Traumatic brain injury (TBI) and posttraumatic stress disorder (PTSD) are highly heterogeneous and often present with overlapping symptomology, providing challenges in reliable classification and treatment. Single photon emission computed tomography (SPECT) may be advantageous in the diagnostic separation of these disorders when comorbid or clinically indistinct.
OBJECTIVE: The objective of this study was to identify specific brain lesions with regional perfusion abnormalities possibly associated with neuropsychological impairments (NPI), as sequela after mild traumatic brain injury (MTBI), using 99mTc-ethylcysteinate dimer single photon emission computed tomography (Tc-99m ECD SPECT) and its novel analytic software. METHODS: We studied 23 patients with diffuse axonal injury with NPI group (Impaired-DAI), 26 with MTBI with NPI group (Impaired-MTBI) and 24 with MTBI without NPI group (Healthy-MTBI). In each subject, Tc-99m ECD SPECT images were analyzed by easy Z score imaging system (eZIS) and voxel-based stereotactic extraction estimation (vbSEE). Segmented into lobule levels, ROIs were set in 140 areas in whole brain, and relative regional low Tc-99m ECD uptake was computed as “extent” (rate of coordinates with Z score >2.0 in the ROI). Receiver operating characteristic analysis was performed using “extent” to discriminate the three groups. RESULTS: The highest area under the curve (AUC) value for data of Impaired-DAI and Healthy-MTBI groups was obtained in ROI on the left anterior cingulate gyrus (LtACG), with AUC of 0.93, optimal “extent” cutoff value of 10.9 %, sensitivity 87.0 %, specificity 83.3 %. The highest AUC value for data of Impaired-MTBI and Healthy-MTBI groups was also in the LtACG, with AUC of 0.87, optimal “extent” cutoff value of 9.2 %, sensitivity 73.1 %, specificity 83.3 %. CONCLUSIONS: Using two analytic software packages, eZIS and vbSEE, we identified specific lesions with low regional Tc-99m ECD uptake possibly associated with NPIs after MTBI. Especially, this trend was most marked in the left anterior cingulate gyrus in MTBI patients with NPIs and those with DAI. The optimal “extent” cutoff value, as a criterion for SPECT abnormality, might help the diagnosis of NPIs after MTBI.
Aggregates of hyperphosphorylated tau (PHF-tau), such as neurofibrillary tangles, are linked to the degree of cognitive impairment in Alzheimer’s disease. We have developed a novel PHF-tau targeting positron emission tomography imaging agent, [F-18]-T807, which may be useful for imaging Alzheimer’s disease and other tauopathies. Here, we describe the first human brain images with [F-18]-T807.
Compared Performance of High-Sensitivity Cameras Dedicated to Myocardial Perfusion SPECT: A Comprehensive Analysis of Phantom and Human Images.
- Journal of nuclear medicine : official publication, Society of Nuclear Medicine
- Published over 5 years ago
Differences in the performance of cadmium-zinc-telluride (CZT) cameras or collimation systems that have recently been commercialized for myocardial SPECT remain unclear. In the present study, the performance of 3 of these systems was compared by a comprehensive analysis of phantom and human SPECT images. METHODS: We evaluated the Discovery NM 530c and DSPECT CZT cameras, as well as the Symbia Anger camera equipped with an astigmatic (IQ⋅SPECT) or parallel-hole (conventional SPECT) collimator. Physical performance was compared on reconstructed SPECT images from a phantom and from comparable groups of healthy subjects. RESULTS: Classifications were as follows, in order of performance. For count sensitivity on cardiac phantom images (counts⋅s(-1)⋅MBq(-1)), DSPECT had a sensitivity of 850; Discovery NM 530c, 460; IQ⋅SPECT, 390; and conventional SPECT, 130. This classification was similar to that of myocardial counts normalized to injected activities from human images (respective mean values, in counts⋅s(-1)⋅MBq(-1): 11.4 ± 2.6, 5.6 ± 1.4, 2.7 ± 0.7, and 0.6 ± 0.1). For central spatial resolution: Discovery NM 530c was 6.7 mm; DSPECT, 8.6 mm; IQ⋅SPECT, 15.0 mm; and conventional SPECT, 15.3 mm, also in accordance with the analysis of the sharpness of myocardial contours on human images (in cm(-1): 1.02 ± 0.17, 0.92 ± 0.11, 0.64 ± 0.12, and 0.65 ± 0.06, respectively). For contrast-to-noise ratio on the phantom: Discovery NM 530c had a ratio of 4.6; DSPECT, 4.1; IQ⋅SPECT, 3.9; and conventional SPECT, 3.5, similar to ratios documented on human images (5.2 ± 1.0, 4.5 ± 0.5, 3.9 ± 0.6, and 3.4 ± 0.3, respectively). CONCLUSION: The performance of CZT cameras is dramatically higher than that of Anger cameras, even for human SPECT images. However, CZT cameras differ in that spatial resolution and contrast-to-noise ratio are better with the Discovery NM 530c, whereas count sensitivity is markedly higher with the DSPECT.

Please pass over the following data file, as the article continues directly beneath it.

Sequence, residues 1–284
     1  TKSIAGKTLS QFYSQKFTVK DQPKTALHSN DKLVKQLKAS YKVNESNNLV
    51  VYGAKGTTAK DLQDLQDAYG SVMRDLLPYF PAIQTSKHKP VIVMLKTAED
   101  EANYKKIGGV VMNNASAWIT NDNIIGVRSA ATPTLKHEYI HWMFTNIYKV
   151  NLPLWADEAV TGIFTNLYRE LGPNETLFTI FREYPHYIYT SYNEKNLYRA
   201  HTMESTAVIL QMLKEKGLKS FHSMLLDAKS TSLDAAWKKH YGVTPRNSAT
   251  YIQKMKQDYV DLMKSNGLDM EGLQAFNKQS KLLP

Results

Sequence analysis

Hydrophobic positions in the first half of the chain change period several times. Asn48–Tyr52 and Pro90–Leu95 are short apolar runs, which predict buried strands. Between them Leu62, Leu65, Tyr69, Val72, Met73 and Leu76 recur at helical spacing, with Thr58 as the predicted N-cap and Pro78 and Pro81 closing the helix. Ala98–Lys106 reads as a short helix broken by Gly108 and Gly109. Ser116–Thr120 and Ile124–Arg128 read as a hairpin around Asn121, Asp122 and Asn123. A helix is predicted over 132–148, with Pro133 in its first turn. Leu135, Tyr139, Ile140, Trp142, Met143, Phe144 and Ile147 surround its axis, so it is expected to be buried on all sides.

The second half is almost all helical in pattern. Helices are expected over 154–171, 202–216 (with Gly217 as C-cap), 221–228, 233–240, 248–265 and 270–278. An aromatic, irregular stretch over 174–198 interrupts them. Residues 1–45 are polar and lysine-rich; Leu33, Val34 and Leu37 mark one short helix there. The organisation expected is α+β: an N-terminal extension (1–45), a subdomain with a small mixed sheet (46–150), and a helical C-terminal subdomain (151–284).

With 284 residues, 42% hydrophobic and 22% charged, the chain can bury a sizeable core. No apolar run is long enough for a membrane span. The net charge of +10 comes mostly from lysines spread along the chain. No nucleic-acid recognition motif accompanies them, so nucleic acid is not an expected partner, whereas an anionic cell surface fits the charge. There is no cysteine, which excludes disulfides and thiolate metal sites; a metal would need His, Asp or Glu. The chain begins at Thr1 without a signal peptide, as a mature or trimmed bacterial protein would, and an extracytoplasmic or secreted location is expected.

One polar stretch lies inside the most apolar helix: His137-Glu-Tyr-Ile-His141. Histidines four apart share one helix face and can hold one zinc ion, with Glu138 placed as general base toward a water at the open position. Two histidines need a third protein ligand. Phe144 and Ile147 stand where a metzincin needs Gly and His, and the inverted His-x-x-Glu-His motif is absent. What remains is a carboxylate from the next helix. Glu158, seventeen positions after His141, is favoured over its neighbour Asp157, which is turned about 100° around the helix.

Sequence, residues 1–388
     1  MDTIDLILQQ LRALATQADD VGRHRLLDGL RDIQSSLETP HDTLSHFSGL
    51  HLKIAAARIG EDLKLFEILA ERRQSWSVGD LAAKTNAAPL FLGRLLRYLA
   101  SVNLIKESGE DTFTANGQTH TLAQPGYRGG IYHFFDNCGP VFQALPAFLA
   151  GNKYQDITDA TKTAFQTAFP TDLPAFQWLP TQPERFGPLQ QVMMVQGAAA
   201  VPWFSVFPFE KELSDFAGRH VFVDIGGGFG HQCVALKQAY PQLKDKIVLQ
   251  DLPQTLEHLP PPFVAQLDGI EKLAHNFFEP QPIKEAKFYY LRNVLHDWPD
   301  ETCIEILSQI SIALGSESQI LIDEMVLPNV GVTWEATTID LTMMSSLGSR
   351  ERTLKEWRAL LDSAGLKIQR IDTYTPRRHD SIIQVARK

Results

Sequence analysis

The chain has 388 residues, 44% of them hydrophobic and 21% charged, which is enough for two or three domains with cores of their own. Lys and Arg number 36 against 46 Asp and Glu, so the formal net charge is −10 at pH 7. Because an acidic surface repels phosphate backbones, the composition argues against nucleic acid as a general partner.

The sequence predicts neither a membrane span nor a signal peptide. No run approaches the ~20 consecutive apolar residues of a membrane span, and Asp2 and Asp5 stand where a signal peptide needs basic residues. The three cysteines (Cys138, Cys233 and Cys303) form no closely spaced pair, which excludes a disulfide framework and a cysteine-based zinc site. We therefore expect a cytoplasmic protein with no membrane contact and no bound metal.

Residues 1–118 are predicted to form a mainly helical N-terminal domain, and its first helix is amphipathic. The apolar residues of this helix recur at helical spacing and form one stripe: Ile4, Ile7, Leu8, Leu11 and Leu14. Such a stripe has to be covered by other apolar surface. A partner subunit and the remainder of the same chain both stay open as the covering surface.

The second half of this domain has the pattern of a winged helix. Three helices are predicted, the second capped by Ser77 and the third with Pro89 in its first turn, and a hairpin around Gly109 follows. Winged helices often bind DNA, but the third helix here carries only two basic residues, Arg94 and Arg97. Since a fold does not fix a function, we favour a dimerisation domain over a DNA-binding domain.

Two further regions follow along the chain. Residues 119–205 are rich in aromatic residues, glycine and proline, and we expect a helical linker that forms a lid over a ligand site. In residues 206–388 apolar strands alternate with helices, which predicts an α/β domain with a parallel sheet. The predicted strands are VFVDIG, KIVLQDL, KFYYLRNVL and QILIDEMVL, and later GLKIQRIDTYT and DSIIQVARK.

In single-photon emission computed tomography (SPECT), multi-pinhole collimation is often employed nowadays. Most multi-pinhole collimators avoid overlap (multiplexing) of the projections on the detector. This can be done by using additional shielding or by spacing the pinholes far enough apart. Using additional shielding has the drawback that it increases weight, design complexity and cost. Spacing the pinholes far enough apart results in sub-optimal detector usage, the valuable detector area is not entirely used. This is due to the circular projections of pinholes on the detector; these ellipses can not be tiled with high detector coverage. To overcome this we designed a new pinhole geometry, the lofthole, that has a rectangular projection on the detector. The lofthole has a circular aperture and a rectangular entrance/exit opening. Sensitivity formulae have been derived for pinholes and loftholes. These formulae take the penumbra effect into account; the proposed formulae do not take penetration into account. The derived formulae are valid for geometries where the field-of-view and the sensitivity of the aperture are solely limited by the exit window. A flood map measurement was performed to compare the rectangular projection of a lofthole with the circular projection of a pinhole. Finally, measurements were done to compare the amount of penetration of pinholes with the amount of penetration of a lofthole. A square lofthole collimator has less penetration than a knife-edge pinhole collimator that irradiates the same rectangular detector area with full coverage. A multi-lofthole collimator allows high detector coverage without using additional shielding. An additional advantage is the lower amount of penetration.